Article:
Figure 5—
Figure 5—

Photomicrographs of sections of the abdominal aorta from the dog in the previous figures. A—The subintima is markedly expanded by fibrous connective tissue, lipid (asterisk), and lipid-laden macrophages (foam cells), resulting in severe reduction of the lumen diameter (cross). H&E stain; bar = 100 μm. B— Marked fibrointimal hyperplasia luminal to the internal elastic lamina (asterisk) can be seen. Elastin stain; bar = 100 μm. C—Fibrointimal hyperplasia (asterisk) is evident. Masson trichrome stain; bar = 100 μm. D—Marked expansion of the subintima from the medial tunic (asterisk) can be seen. Immunohistochemical stain for SMA; bar = 100 μm. E—Accumulations of clear acicular material (cholesterol clefts) can be seen. H&E stain; bar = 100 μm.

Citation: Journal of the American Veterinary Medical Association 253, 2; 10.2460/javma.253.2.209

All sections of the brain examined (frontal cortex, temporal lobe cortex, thalamus including hippocampus, and cerebellum including brainstem) were characterized by mild widespread degenerative changes, including neuronal satellitosis and mild central chromatolysis, in the cortex as well as edema and vascular congestion in the meninges. The white matter tracts of the brainstem were characterized by moderate to severe axon degeneration with axon sheath swelling and occasional axonal swelling. Atherosclerotic lesions were limited to an atheroma in a temporal lobe section.

Results of a lipid profile performed on a sample of the dog's serum saved at the time of amputation surgery revealed serum LDL concentration of 1,128 mg/dL (reference range, 5.8 to 120.27 mg/dL), cholesterol concentration of 1,409 mg/dL (reference range, 131 to 345 mg/dL), triglyceride concentration of 950 mg/dL (reference range, 20 to 150 mg/dL), and high-density lipoproteins concentration of 91 mg/dL (reference range, 97 to 173 mg/dL).

Discussion

Hypercholesterolemia of the magnitude seen in the present report is rare in veterinary patients, and information regarding the clinical effects of atherosclerosis in dogs is limited.1 Additionally, hypercholesterolemia is often secondary to another condition (eg, diabetes mellitus, hypothyroidism, or hyperadrenocorticism)2; however, none of these predisposing conditions were identified in this patient, clinically or on postmortem examination. For these reasons, hypercholesterolemia was not initially considered as a differential diagnosis for the cause of the skin lesions in this dog. But once severe hypercholesterolemia and hypertriglyceridemia were identified, it became evident that the skin lesions and behavioral problems were likely related to the high blood lipid concentrations.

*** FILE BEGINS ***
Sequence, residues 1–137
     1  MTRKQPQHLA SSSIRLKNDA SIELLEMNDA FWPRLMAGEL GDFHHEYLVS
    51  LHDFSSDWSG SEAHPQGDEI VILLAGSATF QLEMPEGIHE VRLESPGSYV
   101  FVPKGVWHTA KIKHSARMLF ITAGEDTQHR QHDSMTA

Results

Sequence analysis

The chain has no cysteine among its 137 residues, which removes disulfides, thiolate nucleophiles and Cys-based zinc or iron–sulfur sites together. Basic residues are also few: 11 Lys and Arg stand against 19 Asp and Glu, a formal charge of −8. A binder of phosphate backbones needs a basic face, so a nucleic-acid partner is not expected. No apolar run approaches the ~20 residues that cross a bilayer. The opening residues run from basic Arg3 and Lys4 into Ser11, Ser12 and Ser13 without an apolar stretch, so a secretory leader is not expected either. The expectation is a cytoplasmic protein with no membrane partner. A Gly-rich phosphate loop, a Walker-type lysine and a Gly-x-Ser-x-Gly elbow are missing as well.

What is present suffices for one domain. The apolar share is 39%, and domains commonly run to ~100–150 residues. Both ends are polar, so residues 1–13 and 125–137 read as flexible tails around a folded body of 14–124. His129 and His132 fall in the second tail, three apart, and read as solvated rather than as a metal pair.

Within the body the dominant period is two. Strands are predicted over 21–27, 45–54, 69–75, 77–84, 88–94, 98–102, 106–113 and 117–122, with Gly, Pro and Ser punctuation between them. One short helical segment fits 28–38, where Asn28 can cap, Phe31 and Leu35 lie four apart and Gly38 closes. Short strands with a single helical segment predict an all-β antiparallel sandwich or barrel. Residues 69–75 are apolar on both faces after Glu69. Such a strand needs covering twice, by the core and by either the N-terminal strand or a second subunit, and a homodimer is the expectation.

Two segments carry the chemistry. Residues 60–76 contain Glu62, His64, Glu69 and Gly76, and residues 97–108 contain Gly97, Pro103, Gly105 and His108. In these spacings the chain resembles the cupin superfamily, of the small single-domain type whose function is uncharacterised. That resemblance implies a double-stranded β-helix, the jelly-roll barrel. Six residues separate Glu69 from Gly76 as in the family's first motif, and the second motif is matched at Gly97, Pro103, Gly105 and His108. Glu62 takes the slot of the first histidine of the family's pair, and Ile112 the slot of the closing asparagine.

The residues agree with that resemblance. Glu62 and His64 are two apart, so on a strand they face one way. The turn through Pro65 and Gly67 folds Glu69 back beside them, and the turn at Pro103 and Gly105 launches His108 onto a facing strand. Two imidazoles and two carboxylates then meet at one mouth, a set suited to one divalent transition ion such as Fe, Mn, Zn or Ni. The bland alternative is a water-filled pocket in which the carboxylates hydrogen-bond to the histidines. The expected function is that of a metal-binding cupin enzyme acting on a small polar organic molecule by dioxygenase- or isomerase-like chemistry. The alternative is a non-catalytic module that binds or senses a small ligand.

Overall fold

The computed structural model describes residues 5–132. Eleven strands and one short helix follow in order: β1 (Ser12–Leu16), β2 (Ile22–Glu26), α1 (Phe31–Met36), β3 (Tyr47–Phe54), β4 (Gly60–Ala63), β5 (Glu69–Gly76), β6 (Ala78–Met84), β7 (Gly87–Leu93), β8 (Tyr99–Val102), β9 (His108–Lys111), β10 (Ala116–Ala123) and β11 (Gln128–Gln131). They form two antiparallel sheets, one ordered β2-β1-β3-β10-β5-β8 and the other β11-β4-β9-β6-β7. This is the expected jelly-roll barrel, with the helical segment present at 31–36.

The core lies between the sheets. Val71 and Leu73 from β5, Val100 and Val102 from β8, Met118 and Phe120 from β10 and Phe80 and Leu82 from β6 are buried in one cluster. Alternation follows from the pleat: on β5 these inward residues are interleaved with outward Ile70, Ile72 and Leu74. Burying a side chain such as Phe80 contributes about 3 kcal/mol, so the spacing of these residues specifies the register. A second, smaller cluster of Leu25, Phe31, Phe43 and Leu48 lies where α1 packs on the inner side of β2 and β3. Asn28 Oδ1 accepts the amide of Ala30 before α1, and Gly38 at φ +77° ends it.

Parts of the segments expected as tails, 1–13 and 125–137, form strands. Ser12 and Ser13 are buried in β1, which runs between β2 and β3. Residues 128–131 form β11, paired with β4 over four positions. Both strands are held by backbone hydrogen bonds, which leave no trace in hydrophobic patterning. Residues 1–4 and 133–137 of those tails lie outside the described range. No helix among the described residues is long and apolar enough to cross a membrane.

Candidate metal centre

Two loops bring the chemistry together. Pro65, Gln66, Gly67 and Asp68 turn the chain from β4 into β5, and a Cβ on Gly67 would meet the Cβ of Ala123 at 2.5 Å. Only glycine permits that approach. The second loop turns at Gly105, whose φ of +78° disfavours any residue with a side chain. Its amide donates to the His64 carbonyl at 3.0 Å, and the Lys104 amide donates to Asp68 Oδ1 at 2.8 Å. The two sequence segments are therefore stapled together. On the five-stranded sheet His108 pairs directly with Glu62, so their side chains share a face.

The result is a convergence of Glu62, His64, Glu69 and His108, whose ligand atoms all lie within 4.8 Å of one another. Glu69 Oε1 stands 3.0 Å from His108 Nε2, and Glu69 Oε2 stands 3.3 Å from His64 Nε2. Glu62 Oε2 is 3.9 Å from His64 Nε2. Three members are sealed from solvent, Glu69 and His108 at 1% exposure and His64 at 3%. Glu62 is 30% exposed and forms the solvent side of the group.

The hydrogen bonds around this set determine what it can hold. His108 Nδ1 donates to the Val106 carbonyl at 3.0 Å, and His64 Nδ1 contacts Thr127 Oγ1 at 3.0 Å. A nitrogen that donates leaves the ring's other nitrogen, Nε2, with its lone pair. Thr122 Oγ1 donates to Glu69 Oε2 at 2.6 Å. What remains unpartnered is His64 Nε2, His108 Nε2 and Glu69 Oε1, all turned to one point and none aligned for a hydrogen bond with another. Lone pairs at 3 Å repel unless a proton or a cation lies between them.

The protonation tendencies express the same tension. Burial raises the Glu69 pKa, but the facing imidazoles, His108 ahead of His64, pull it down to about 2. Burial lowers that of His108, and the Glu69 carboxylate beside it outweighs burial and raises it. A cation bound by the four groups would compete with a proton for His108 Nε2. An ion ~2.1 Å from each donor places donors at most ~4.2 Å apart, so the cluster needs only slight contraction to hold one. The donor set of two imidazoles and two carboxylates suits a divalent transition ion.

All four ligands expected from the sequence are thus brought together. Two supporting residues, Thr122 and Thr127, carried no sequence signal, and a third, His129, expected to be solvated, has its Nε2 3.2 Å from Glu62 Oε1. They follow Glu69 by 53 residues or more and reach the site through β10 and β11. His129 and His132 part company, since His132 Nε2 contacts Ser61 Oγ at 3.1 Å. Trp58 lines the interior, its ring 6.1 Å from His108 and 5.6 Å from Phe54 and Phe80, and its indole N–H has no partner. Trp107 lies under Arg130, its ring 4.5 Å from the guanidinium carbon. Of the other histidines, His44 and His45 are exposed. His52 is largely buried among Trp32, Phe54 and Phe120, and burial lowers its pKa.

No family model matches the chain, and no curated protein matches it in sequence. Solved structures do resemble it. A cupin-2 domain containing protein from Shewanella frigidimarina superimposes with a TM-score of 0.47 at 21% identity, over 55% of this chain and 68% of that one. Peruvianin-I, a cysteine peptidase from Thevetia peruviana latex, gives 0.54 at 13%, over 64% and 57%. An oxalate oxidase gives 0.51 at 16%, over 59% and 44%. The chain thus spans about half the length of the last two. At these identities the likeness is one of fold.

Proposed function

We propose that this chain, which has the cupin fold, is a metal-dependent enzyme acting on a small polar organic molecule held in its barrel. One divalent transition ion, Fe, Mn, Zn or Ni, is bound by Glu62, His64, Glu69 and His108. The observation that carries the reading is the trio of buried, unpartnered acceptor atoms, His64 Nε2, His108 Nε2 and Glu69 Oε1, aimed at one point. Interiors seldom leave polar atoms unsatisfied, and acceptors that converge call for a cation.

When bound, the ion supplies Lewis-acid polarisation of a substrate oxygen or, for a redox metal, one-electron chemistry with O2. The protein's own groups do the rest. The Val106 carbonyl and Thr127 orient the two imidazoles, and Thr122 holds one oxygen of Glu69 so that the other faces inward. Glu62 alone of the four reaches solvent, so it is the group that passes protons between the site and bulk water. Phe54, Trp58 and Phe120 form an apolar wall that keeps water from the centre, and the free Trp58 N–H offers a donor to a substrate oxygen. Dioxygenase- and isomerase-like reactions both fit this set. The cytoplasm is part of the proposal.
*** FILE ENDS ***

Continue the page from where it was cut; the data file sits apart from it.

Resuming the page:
Development of skin lesions on the remaining hind limb provided indirect evidence for devitalization of the right hind limb after a bandage was applied following digit amputation. The bandage likely further compromised tissue perfusion, resulting in tissue ischemia, necrosis, and, eventually, the need for limb amputation. In addition, atherosclerotic changes were evident by use of ultrasonography. Further, results of histologic examination of the dog's brain were consistent with vascular-mediated disease, providing a reasonable pathological explanation for the dog's behavioral changes and its poor response to medical treatment for those changes.